179 Promenade du Portage
The structure that preceded the current building burned down in the Great Fire of April 26, 1900. Dr. Louis Duhamel, Representative for Ottawa County from 1875 to 1886 and Protonotary at the Registry Office from 1886 until his death in 1915, had lived there since 1882. When the Registry Office was moved into his house in 1888, he put up the sign in French, which was a first. The first two floors of the current building were built in 1901 for Duhamel and his wife, Exilda Lapierre dite Mazurette, and their two children, Oscar and Rachel. The boy became ill and predeceased his father, who left the property to his daughter.
Louis de Gonzague Raby, named protonotary in 1916, bought Rachel Duhamel's house in February 1917. That September, he married Alexina Bourque, daughter of the contractor Joseph Bourque. Two years later, they moved from the house on Main Street, which would become law offices. Jean Lacroix and J.-Adélard Tessier acquired the property in 1922 but never lived there. In 1924, Tessier transferred his interests to Mary Pichard, a grocer.
In October 1928, the house was purchased by Henry Burger, an internationally renowned chef who had studied with the great chefs Escoffier and Ballard. Burger was born in Switzerland in 1879 and immigrated to New York in 1895. In 1910, he moved to Montreal, and then to Ottawa, where he worked at the Chateau Laurier. He opened his first restaurant on 127 Main Street in Hull in 1922. His charm and talent attracted a prominent clientele. Burger went into partnership with several businessmen and founded Chez Henri Limited on May 2, 1929. He became president of the company.
Chez Henri opened its doors in 1929, in a specific social context. Investors sought to establish hotels in Hull, because, with the exception of Quebec, prohibition was in effect across North America (1919-1933) ? especially in Ontario where a Temperance Act had been passed in 1916. Quebec law required these establishments to have at least 20 rooms in order to be granted a liquor license. Beautiful homes, like that of E. B. Eddy, were enlarged to meet this requirement. In the fall of 1930, the Chez Henri Company hired the architects Richard and Abra and the contractor Théodore Lambert, who was also the Mayor of Hull, to transform the house, adding another storey and a roof in "Renaissance castle" style. The luxurious interior had a very Parisian atmosphere. Using the latest technology, telephones were installed in all 32 rooms; and the dining room, the Salon d'Or, had an excellent reputation. Diners were expected to wear formal attire. The Chez Henri Hotel and Café offered business lunches and fine French cuisine.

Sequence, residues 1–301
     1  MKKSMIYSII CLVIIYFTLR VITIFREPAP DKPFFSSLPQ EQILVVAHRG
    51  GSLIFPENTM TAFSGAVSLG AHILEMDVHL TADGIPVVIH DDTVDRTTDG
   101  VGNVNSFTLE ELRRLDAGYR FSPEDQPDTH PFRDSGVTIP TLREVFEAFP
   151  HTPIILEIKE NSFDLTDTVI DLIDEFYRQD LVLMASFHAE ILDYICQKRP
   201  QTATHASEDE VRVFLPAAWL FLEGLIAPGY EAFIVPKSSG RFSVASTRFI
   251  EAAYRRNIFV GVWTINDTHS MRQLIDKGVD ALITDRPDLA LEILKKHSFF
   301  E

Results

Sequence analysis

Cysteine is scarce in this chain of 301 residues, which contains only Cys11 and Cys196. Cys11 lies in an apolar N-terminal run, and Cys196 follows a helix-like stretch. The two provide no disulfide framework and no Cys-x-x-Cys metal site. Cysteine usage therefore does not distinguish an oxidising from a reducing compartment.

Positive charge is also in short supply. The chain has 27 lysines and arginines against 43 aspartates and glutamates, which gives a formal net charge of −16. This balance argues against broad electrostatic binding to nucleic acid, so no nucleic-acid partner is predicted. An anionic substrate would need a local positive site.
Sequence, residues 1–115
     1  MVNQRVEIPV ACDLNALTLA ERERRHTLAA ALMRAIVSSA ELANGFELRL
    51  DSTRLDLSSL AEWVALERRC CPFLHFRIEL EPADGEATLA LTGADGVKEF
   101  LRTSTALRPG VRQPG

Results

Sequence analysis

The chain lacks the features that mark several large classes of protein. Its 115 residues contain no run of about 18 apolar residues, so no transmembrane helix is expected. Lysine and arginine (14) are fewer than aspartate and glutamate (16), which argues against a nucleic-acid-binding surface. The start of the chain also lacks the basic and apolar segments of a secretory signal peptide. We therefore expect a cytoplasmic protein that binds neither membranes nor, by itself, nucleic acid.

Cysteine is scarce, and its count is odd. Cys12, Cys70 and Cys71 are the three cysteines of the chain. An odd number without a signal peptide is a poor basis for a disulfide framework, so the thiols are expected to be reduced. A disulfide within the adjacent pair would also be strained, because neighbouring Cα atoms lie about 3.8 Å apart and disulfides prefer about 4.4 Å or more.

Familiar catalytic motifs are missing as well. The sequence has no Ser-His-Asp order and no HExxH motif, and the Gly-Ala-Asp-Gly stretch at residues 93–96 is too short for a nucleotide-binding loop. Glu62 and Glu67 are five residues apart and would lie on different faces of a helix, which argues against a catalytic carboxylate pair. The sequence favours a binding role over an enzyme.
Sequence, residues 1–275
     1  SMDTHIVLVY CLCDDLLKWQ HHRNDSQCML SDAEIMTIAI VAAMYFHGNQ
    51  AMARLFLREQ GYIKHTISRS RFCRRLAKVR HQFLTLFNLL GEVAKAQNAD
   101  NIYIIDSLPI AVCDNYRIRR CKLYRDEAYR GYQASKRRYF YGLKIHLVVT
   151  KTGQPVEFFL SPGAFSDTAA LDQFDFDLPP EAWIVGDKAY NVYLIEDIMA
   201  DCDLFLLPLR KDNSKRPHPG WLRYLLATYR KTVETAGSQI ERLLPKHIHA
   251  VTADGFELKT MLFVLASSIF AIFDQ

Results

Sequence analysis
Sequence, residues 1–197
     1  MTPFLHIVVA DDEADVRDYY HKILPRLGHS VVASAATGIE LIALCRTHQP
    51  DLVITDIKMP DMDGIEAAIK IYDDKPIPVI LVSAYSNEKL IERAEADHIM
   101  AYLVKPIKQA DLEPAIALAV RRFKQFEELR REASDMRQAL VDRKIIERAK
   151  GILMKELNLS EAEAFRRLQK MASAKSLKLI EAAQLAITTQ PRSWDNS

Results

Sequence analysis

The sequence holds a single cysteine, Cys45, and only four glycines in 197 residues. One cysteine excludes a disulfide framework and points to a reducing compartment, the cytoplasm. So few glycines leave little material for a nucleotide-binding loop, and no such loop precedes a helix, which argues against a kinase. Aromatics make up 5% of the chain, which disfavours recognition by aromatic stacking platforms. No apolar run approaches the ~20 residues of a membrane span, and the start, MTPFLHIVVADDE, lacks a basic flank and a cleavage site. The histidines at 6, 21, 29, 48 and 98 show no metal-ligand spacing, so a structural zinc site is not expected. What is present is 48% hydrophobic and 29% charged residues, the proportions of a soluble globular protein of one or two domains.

The depression bankrupted the company. Burger left the hotel in 1932, and opened a new restaurant on Laval Street, the Café Henry Burger. He died in Hull in November 1936, at the age of 59.
A new company, Hôtels Chez Henri Ltd., obtained his business patent on February 16, 1933 and, on March 25, bought the hotel from the trustees of the former company. The new company had several shareholders, which sometimes produced confusion as to the identity of the hotel's owner. Some of the shareholders pushed themselves to the forefront. In 1935, one of the partners Frederick G. Johnston, who had been a lieutenant colonel in the First World War, was known as the owner. He hired a flamboyant manager, Charles Swan, who organized shows and dances at the hotel in order to attract clientele from Ontario
The most famous of the owners was undoubtedly James Patrick Maloney (1894-1983), who also owned Standish Hall. He became a partner in Hôtels Chez Henri and acquired Johnston's shares in December 1943. Maloney was a master at real estate deals. He would borrow, sell and transfer, but he kept this property until he died. On December 30, 1982, the company sold the building to Hôtel Standish Hall Inc., which belonged to Maloney. He died on April 10 of the following year, in his penthouse apartment in the hotel.
For many years, the hotel attracted a specific clientele, the judges and lawyers of the law court across the street, as well as others with a less than glowing reputation. In 1984, Denis Cayer and Walter Grego bought the building, claiming that they wanted to restore it to its former glory. This was unfortunately not the case, and the interior was demolished. The building was finally closed in the 1990s because of the unsavoury characters it attracted. The City of Gatineau declared it a historic monument in January 2003.